2. Use Facebook Fan Pages more.  Nothing feels more like a community than lots of people “liking” the same thing.  For more, read about Facebook marketing.
  3. Host at Twitter chat.  Give out a hashtag and invite all your followers to join you at a specific time so you can either answer questions, have a conversation, pick your customer’s brains etc. This is a great way to both be useful to your customers or else ask your customers to be useful to you.
  4. FourSquare/Facebook Places lets your customers notify your friends when they visit your business and sparks conversation on and off line.
  5. Listen to your community.  This may seem counter-intuitive to being part of a community, but listen to what your community wants, and you will be a better member of it.  If you listen to your customers and deliver, you are more likely to build your community with new members and retain loyal old members.

Those are just a few of my ideas.  What do you have to add?  How do you build your community?  For an interview with a real life business who tries to foster a community among customers, read about The Needle Shop.





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Small-business-facebook-marketingOver the past few weeks I have been working with a company, helping to improve their website and get them familiarized with using social media to increase their sales and visibility. After setting up a Facebook page, the owner asked me three specific questions.

  1. What is the main benefit of having a lot of “likes” on Facebook?
  2. How can I utilize Facebook for marketing?
  3. How can I advertise my Facebook page so others can find me?

I thought these were excellent questions for any small business owner just starting out on Facebook to know. So I am sharing my email response, in the hopes that you find it helpful and it encourages you to jump on the Facebook bandwagon.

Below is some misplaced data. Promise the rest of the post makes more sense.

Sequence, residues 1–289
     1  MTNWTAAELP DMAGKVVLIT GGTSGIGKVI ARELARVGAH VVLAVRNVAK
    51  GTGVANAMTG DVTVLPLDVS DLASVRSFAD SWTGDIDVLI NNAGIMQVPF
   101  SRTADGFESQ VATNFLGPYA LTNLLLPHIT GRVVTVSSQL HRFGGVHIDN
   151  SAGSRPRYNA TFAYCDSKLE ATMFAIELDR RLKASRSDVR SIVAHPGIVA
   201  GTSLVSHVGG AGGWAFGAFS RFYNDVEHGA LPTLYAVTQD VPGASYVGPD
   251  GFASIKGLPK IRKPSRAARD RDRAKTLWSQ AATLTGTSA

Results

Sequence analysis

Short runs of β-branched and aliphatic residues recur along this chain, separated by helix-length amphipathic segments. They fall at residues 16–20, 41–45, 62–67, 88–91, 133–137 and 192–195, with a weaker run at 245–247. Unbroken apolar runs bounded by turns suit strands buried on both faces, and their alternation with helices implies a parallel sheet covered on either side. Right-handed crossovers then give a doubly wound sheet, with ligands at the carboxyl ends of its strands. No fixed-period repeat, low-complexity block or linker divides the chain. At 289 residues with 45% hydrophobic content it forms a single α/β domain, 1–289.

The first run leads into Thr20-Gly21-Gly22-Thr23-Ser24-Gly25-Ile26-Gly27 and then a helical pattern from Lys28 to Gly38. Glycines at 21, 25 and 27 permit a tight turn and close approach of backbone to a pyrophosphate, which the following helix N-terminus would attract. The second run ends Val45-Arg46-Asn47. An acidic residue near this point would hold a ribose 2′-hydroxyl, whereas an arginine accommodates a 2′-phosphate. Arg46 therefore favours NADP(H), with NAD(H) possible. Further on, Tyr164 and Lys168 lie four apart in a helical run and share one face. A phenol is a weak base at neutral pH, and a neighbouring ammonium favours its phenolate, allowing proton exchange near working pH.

Before the email, I have two quick points.

  1. When creating a Facebook page for a business, make sure it is a fan page, not a personal page. Here is a very simple explanation as to the difference and why having a fan page is so important.
  2. Once you set up a fan page, make sure to go ahead and get a vanity URL for your site. The difference would be having a URL address that looks like this:

vs

https://www.facebook.com/JoeysSandwichShop

To learn how to obtain your vanity URL, read here. The only rule is that you must have 25 “likes” before you can claim it.

On to my email response. (The company sells shoes, but you probably would have figured that out. And just because the company asked, I changed what they sell. They don’t really sell shoes. The Facebook advice still applies).

Remember, these are the questions:

  1. What is the main benefit of having a lot of “likes” on Facebook?
  2. How can I utilize Facebook for marketing?
  3. How can I advertise my Facebook page so others can find me?

The main benefit of having lots of “likes” on Facebook is when you post something on your wall, it appears in all your fan’s news feeds. So if you have 30 friends and you post news on a sale, then 30 friends will see that. If you have 3,000 fans then 3,000 people will see it.

Facebook is utilized for marketing in a lot of different ways by companies. But I think it primarily works best when companies use it to forge a community. So instead of just posting about you, make it about those people who are your fans. Use it to ask questions, what is your favorite boot we make and why? Or hold a contest, everyone who responds to this posting with the top five reasons they love their boots will be entered in a drawing. It’s really a great way to communicate with potential customers and have a conversation with them. Also, it’s basically having your current customers write reviews on your Facebook page, which is a fantastic way to get potential customers to buy.

The best way to get more fans is to have a link from your website to Facebook. You can add the Like button to your website with just a bit of code. There are many tutorials on the Web explaining how to do this: here and here are just two.

You can also advertise on Facebook. They have some inexpensive ads. All you have to do is go to the Facebook ad section: http://www.facebook.com/adsmarketing/ and create an ad. Facebook will set it up for you.